Dead Ends

My life has been a complicated maze of dead ends. Dead ends show up in every area of life: dead end endeavors, dead end dreams, dead end opportunities, dead end offers from other people, and dead end relationships.
I was thinking about this lately, because I’ve experienced some bigger dead end relationships and dreams. When you go down a path that ends up being a dead end, the only thing to do at that point is to turn around and back track. The long walk back has a tendency to make me think a lot more.
For most areas I tend to be more optimistic about dead ends, mainly because God has proven to me that dead ends can eventually lead me to better places. In a way, dead ends at times feel like love notes from God. They are evidence of God’s direct involvement in my life, and He has proven to me that He has used dead ends to protect me from additional pain that I could not have handled.
With that said, hands down dead end relationships are the most painful and difficult type of dead en…

Back to Boston

I like the city. I like how the city has good restaurants and existing public transportation (like subways and Ubers). I also like how the city usually has an economy that makes being young possible, meaning there are more options for jobs, apartments, and minimalistic lifestyles.

I also like the country. I like being around water, fishing, and hiking. I like the scenery and slowness involved with living in the middle of nowhere. There are even times I like having to drive an hour to get anywhere, because that is some of my most valuable alone time for me to think, pray, or listen to some type of audio.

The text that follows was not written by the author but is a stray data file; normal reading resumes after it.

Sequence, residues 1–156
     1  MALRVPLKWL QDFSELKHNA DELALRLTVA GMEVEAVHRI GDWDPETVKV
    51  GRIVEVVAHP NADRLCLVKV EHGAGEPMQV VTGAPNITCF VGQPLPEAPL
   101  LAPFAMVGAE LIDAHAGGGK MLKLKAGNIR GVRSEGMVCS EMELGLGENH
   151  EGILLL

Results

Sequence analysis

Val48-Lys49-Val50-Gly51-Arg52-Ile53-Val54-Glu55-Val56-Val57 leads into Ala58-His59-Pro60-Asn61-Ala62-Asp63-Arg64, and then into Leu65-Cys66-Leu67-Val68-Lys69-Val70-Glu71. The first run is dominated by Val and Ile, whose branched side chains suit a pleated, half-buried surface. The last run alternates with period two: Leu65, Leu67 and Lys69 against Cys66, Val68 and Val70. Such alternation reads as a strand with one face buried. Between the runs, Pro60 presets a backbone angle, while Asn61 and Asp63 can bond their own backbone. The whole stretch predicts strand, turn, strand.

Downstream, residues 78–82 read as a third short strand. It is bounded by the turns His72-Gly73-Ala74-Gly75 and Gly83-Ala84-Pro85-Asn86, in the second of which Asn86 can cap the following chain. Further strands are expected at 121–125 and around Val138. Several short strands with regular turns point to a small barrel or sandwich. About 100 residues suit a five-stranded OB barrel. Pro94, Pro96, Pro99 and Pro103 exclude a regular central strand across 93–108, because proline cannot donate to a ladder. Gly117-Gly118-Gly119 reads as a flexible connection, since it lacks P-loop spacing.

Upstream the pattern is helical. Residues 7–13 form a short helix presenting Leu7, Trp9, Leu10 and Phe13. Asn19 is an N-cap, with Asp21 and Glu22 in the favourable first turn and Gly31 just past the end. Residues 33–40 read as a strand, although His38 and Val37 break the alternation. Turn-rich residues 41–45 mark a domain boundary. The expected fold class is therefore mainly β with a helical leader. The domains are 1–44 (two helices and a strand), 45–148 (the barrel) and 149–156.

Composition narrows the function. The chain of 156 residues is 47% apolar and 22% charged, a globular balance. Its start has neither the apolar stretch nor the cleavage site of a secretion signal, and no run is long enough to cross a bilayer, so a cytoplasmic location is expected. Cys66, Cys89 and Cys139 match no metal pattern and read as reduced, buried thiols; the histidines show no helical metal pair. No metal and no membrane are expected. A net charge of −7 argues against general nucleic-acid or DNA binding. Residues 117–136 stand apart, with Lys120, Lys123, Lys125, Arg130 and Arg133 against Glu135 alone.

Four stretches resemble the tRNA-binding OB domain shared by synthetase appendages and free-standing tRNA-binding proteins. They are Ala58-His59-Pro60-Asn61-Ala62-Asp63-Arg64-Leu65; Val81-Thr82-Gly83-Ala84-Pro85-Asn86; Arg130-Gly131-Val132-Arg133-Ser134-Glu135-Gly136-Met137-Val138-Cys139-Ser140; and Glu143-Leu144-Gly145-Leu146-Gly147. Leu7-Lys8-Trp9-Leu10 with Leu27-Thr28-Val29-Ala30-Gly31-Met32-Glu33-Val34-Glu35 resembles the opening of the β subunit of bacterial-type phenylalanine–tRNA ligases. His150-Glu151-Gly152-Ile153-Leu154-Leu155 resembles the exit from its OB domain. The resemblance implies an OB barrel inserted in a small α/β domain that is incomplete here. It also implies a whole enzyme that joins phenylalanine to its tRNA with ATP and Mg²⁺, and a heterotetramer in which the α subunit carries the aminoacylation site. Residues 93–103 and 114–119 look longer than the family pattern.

It is very possible to like opposing things, and I find this annoying. When in the country, I miss the city (especially the restaurants). When I am in the city, I miss the country (especially lakes). Make up your mind, Ariel!

Currently I am here visiting my dad in the VA hospital, and I am just enjoying this hospital and the memories. He is on the same exact floor/wing that he was on a…

Stay Near to Me

This is a more difficult topic for me, because it involves a lot of personal, ongoing grief. No earthly relationship is permanent. They all end, and I find that very difficult to digest. 
I have been focusing the past year or so on how to build strong relationships, investing the type of time, energy, and purpose to encourage godly, lasting, and rewarding relationships.
I still think quite a bit about a couple my family came in contact with 21 or so years ago. They were engaged and very in love, and during a moment of showing off for his fiancĂ©, my dad’s hospital roommate performed an air flip, changing his life when he landed on his head and broke his neck. The worst part about this story in my 7-year-old mind was when I heard that the man decided they could no longer get married and his fiancĂ© agreed. Loving a person is a lot more than physical aptitude, and actual love does not just stop because of an accident. I do understand though that without a deeper well of love to draw from…

Dealing with Rejection

Rejection is weird. I sometimes wonder if it exists in this fallen world so we can understand how God feels when we reject Him. Recently, I have been reminiscing over times that I have experienced rejection, trying to see more clearly how it still affects my daily life.
Remembering back to college, I remember some funny advice from one of my professors. Technically he was speaking to the guys in the room, but I think his actual point can be universally accepted by everyone for different reasons.